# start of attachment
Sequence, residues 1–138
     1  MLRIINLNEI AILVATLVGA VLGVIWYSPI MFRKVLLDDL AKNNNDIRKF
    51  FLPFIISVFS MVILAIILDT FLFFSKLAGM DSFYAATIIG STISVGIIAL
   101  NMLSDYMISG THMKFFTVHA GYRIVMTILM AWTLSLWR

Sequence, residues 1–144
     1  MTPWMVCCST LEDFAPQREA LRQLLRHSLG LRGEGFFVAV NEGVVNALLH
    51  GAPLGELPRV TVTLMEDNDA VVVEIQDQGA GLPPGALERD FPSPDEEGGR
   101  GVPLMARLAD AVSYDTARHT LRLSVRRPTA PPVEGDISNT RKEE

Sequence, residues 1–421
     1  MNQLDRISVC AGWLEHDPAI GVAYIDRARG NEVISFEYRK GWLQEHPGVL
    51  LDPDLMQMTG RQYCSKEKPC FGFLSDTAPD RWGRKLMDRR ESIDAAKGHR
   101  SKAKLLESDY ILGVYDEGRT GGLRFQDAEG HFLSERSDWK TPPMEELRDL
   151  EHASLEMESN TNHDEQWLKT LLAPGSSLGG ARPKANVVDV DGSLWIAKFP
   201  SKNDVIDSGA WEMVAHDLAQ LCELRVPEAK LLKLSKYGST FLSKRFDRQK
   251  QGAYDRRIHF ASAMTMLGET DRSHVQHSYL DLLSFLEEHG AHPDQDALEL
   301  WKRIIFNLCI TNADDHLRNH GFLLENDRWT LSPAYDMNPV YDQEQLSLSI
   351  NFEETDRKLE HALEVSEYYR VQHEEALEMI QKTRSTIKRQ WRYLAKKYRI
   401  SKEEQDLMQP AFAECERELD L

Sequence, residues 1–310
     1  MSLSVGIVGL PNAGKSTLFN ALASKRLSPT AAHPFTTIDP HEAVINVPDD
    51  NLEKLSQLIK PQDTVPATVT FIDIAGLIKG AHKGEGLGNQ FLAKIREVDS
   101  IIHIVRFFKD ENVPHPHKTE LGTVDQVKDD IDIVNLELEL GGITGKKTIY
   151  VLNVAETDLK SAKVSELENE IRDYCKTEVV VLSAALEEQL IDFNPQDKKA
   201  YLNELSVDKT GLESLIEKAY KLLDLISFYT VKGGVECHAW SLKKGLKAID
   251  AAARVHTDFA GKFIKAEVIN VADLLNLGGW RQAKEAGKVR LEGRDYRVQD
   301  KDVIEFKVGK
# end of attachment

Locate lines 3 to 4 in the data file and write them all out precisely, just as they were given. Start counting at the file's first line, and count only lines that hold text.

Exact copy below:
    51  FLPFIISVFS MVILAIILDT FLFFSKLAGM DSFYAATIIG STISVGIIAL
   101  NMLSDYMISG THMKFFTVHA GYRIVMTILM AWTLSLWR